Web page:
Yield-conscious investors are likely finding it difficult to diversify outside of consumer staples and energy companies right now.
At the same time, many of these companies – particularly in the energy sector – have burned shareholders lately. Thus, I’ve been combing through different sectors to find one with attractive income opportunities.
Ultimately, I settled on transportation, as this sector offers numerous opportunities across the risk spectrum. Indeed, when it comes to planes, trains, and automobiles, there’s something for everyone here… and all of the companies in question are paying hefty dividends, too.
Now, as with any sector, transportation faces some unique challenges. Specifically, these companies suffer from being asset-heavy, since a substantial transportation network costs a ton of money.
Some companies, such as airlines, are even structurally unprofitable. It used to be said that the airline business had made an overall net loss since the Wright brothers – and while that may not be true after the last few relatively good years, the industry’s overall profitability still hasn’t paid for the capital costs involved.
Meanwhile, capital gains are rare for investors, other than in periods of high inflation. Instead, companies attract money by paying decent dividends. Therefore, as long as they’re not highly leveraged, many transportation companies are attractive investments for income-seekers – provided the risks are properly understood.
So, where should yield-hungry investors look?
For Lower-Risk Investors
One intriguing area of transportation dividends can be found in container ownership and leasing. On the whole, owning transportation assets is a better business than operating them, as owners can lease the assets and enjoy a steady payment. Plus, in the event of a costly downturn, the operators – rather than the owners – are forced to bear the massive employment costs.
Here are two companies worth considering:
The first is TAL International Group (TAL), which leases intermodal containers both domestically and internationally. It offers a quarterly dividend of $0.72, giving it a very nice 6.9% yield. TAL reported net income of $0.96 per share for the fourth quarter and $3.68 for 2014, which covers the dividend payment by a decent margin. In addition, it’s trading at just 10.9x forecast earnings, making it attractively priced (even though its share price is just over twice its book value).
Then there’s Bermuda-based Textainer Group Holdings Limited (TGH), which owns, manages, and trades containers. It also has the advantage of tax-free status on most of its earnings from international shipping container operations. The firm’s $0.47 quarterly dividend gives it a yield of 5.8%, with the earnings cushion covering the dividend at $3.32 per share. Plus, it’s trading at 10.3x next year’s earnings – though it has a slightly lower 55% premium to book value.
A Medium-Risk Opportunity
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Those with a slightly larger appetite for risk should consider FLY Leasing Limited (FLY), which owns aircraft and leases them out to operators.
FLY is based in the tax haven of Shannon, Ireland. Through its favorable tax position and (in these markets) access to low-cost financing, the company has remained highly profitable. It grew its fleet by 22% in 2014, and is currently trading at 11.9x trailing earnings and 10.6x forecast 2015 earnings. In addition, it pays a $0.25 quarterly dividend, good for a yield of 6.7%.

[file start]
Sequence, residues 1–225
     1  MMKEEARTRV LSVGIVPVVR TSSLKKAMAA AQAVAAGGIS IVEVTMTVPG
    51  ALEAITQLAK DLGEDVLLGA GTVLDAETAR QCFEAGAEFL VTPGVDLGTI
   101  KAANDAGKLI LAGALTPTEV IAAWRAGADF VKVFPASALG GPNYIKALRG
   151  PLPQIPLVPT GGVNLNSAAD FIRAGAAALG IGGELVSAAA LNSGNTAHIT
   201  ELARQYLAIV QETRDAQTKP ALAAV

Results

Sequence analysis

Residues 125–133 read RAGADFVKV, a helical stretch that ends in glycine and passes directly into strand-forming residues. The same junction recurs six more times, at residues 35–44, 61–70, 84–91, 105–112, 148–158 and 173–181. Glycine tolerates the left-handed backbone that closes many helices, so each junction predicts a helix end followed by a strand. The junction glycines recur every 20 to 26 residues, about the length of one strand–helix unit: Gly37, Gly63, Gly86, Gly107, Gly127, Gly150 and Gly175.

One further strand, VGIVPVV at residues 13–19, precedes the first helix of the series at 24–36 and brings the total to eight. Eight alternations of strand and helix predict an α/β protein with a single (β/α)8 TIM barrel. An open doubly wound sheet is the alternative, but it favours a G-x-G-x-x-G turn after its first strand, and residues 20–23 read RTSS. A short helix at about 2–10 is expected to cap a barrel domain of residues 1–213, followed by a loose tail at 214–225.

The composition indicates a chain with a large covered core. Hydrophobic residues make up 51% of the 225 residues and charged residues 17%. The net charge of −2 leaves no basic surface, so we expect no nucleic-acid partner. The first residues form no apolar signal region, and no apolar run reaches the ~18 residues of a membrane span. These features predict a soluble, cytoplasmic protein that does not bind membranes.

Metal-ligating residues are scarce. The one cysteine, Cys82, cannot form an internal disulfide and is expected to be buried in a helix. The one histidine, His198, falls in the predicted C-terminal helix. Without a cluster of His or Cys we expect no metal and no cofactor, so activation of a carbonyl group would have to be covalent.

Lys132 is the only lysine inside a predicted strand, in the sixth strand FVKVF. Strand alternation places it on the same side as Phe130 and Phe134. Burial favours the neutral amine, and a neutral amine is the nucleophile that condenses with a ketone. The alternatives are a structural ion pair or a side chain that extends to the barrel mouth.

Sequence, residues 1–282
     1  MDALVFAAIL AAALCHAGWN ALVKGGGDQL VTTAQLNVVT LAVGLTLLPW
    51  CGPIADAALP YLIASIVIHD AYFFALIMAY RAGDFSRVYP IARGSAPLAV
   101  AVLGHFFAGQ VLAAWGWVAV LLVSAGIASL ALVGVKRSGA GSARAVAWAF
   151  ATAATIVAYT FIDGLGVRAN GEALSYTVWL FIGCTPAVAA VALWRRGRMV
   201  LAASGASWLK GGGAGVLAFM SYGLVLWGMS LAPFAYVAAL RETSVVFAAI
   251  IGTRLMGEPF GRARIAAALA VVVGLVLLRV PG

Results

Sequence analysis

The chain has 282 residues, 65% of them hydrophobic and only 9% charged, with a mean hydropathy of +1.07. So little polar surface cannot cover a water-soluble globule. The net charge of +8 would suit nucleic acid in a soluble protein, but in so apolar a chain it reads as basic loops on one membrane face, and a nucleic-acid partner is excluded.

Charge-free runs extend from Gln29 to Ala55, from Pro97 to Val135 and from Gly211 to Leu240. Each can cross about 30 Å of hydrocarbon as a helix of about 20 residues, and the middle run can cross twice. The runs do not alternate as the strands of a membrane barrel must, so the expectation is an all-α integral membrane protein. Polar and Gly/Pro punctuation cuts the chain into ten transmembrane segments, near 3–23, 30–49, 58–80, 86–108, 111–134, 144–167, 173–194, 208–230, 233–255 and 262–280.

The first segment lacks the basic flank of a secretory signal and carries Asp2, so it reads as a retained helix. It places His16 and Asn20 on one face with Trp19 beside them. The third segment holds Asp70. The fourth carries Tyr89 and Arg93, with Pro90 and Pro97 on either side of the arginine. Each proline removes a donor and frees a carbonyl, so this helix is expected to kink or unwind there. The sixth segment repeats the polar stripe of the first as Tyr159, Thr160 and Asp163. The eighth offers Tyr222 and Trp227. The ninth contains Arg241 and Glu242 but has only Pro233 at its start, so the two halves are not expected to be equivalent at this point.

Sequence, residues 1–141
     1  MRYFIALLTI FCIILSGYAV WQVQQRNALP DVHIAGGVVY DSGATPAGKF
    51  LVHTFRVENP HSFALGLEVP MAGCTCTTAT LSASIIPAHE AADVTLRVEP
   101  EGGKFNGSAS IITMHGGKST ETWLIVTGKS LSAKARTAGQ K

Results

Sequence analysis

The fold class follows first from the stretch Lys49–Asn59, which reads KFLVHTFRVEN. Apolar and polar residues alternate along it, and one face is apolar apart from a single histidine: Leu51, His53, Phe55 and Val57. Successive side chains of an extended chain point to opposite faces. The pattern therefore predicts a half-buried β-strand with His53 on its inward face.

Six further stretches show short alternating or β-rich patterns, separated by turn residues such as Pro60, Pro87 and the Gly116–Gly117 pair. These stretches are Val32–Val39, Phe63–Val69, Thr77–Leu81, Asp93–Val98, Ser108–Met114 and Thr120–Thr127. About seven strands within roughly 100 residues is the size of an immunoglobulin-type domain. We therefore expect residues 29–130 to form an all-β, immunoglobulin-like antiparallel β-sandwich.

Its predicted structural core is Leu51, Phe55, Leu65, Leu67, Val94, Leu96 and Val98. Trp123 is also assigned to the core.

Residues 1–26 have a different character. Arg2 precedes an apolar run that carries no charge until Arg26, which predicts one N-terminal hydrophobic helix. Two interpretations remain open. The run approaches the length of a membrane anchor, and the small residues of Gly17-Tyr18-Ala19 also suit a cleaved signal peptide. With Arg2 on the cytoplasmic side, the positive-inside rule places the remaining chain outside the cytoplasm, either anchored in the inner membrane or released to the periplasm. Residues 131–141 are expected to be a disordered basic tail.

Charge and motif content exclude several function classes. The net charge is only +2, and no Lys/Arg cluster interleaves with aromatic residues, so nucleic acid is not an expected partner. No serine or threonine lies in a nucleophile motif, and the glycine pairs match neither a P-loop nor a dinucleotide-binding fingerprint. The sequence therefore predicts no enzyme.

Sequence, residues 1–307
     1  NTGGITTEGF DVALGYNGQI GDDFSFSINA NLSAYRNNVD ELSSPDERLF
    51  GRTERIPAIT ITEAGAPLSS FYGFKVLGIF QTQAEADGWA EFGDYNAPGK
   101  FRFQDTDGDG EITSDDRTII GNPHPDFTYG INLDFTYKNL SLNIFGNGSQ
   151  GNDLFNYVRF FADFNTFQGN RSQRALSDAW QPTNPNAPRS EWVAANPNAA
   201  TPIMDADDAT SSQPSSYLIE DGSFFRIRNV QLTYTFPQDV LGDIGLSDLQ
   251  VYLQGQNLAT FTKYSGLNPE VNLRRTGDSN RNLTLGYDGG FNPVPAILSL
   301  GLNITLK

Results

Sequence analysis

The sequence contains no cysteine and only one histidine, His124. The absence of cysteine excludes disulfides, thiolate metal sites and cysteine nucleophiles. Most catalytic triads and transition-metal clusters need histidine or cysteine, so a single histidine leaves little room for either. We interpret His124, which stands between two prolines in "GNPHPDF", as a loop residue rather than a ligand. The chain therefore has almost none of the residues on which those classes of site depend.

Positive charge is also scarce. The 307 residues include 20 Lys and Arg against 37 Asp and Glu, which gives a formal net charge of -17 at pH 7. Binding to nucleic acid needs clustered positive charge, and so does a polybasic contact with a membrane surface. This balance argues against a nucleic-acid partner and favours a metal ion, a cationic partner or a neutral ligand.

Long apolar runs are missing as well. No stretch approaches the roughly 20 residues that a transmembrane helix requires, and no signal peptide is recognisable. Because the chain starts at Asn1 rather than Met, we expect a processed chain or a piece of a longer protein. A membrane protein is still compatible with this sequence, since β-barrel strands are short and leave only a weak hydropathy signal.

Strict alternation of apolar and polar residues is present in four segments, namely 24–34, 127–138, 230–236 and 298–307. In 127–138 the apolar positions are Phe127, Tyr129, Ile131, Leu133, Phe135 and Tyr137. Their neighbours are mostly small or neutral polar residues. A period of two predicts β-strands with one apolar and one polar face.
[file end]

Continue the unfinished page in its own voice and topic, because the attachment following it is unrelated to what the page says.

All told, the aircraft leasing business is risky in downturns, and a credit crunch would be damaging to FLY – but the profitability and dividend yield at least balance the risks.
High Risk, High Reward
Finally, there’s shipping itself, where I’ve identified a high-risk, but high-reward, play.
When it comes to shipping, the attractive business today is in oil and gas tankers. You see, the decline in the price of oil makes drillers want to “store” excess supply in slow transit in oil tankers. Consequently, rates for these tankers have been strong recently. In contrast, dry bulk carriers – the other major shipping category – are currently suffering from the lowest bulk shipping rates in the history of the Baltic Dry Index.
Navios Maritime Midstream Partners (NAP) is a Monaco-based investor that owns and operates four very large crude carrier (VLCC) tankers, and has an option to acquire another seven such vessels. Although NAP went public only in November, it’s part of the large Navios group controlled by the Greek-American shipping heiress, Angeliki Frangou.
NAP declared a dividend of $0.19 for the 44-day period to December 31, 2014 and has declared an intention to pay dividends at a rate of $0.4125 per quarter, which would give the shares a yield of over 11% at today’s price. The shares are trading at 9.7x estimated 2016 earnings and at 55% of net asset value, meaning the high risk is compensated for by the valuation.
So there you have it: Transportation companies present a number of attractive dividend opportunities at various risk levels, from the relatively low-risk TGH and TAL, through the medium-risk FLY, to the high-risk, but potentially lucrative, NAP. Depending on your needs, each has the potential to be worth a position in your portfolio.